Derwent River Seastar

Derwent River Seastar. The specimen pictured was found near Powder Jetty in Hobart in 1969.
Image: Blair Patullo / Museums Victoria
Community type

Intertidal reef organisms

Habitat type

Rocky reefs, kelp beds and inter-tidal zone

The Derwent River Seastar is a small seastar up to 17 mm across. The species usually has five arms and is a rounded pentagonal shape. It is bluish-greenish-brown on the upper (dorsal) surface, bordered by off-white around the outer edge. The under parts are off-white while the epidermis of the upper surface exhibits brown pigmentation around the base of the spinelets. It lives in rocky, shallow waters in the mid-littoral zone in waters between 0–1.5 m depth.

This echinoderm was first collected on the shore near the Tasman Bridge in Hobart in 1969—and only found four more times in the Derwent Estuary —all in the mid-estuary. 

In 2009 the Derwent River Seastar was federally declared Critically Endangered, and in Tasmania noted as possibly extinct. This did not stop a long-running debate of whether the Derwent River seastar was in fact its own species. To settle the question once and for all, Tasmanian scientists in 2018 joined a team at Museums Victoria that used non-invasive X-ray computed tomography (similar to CAT-scan) to study the holotype specimen (the very one that designated the species) and confirmed that yes, it is indeed a unique species. The species confirmation was based on the discovery of internal ossicles (ear bones) that strengthened the disc margin. This detail could not be seen without dissecting the specimen, which was too precious, but the scan picked it up.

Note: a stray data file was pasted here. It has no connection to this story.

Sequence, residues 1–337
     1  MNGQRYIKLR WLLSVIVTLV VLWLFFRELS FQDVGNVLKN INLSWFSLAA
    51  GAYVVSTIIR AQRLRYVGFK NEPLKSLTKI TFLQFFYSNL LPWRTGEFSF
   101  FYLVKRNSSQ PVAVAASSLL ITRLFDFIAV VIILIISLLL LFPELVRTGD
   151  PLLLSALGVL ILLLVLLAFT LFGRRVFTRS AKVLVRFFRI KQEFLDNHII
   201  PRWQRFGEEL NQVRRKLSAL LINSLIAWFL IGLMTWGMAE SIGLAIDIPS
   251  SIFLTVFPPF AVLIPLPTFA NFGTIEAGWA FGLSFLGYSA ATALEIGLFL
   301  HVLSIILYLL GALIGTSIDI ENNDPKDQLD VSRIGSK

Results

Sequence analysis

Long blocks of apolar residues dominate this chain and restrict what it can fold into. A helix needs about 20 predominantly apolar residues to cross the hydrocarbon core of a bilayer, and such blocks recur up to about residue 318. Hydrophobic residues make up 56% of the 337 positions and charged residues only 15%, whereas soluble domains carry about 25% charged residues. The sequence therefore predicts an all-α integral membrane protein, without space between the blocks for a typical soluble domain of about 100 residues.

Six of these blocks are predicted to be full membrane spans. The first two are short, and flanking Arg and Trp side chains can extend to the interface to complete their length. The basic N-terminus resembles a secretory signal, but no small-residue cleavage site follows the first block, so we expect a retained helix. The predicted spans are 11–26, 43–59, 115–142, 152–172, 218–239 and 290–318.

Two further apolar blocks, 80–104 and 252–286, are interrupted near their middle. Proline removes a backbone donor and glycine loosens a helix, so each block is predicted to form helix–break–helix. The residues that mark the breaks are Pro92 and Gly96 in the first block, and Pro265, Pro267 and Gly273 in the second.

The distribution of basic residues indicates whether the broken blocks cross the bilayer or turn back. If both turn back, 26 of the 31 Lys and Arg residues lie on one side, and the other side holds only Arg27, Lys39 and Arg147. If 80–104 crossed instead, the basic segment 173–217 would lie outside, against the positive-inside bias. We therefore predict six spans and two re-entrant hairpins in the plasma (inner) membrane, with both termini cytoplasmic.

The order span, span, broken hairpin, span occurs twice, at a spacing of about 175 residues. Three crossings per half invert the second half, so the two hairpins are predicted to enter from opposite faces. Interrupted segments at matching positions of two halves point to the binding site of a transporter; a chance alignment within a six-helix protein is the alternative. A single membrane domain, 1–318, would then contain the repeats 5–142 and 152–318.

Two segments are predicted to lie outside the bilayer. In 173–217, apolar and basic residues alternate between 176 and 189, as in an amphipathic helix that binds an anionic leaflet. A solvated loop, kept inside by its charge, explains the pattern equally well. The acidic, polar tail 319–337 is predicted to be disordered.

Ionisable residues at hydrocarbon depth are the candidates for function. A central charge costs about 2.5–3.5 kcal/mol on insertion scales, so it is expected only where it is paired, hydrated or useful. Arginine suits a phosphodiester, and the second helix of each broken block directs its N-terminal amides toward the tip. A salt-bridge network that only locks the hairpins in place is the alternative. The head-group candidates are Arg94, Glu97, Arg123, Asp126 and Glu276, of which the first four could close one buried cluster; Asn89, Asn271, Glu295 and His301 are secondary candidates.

The new findings moved the species into another genus than originally thought. The correct name is now Patiriella littoralis, and not as previously named Marginaster littoralis

Much of the text within the species area of our website was written by Veronica Thorpe, as part of the Derwent River Wildlife Guide (2000).

The DEP has developed a variety of classroom and outdoor activities focused around the key estuary habitats of tidal wetlands, salt marshes and rocky reefs. These include classroom materials, online resources, interpretive walks, games and sensory experiences.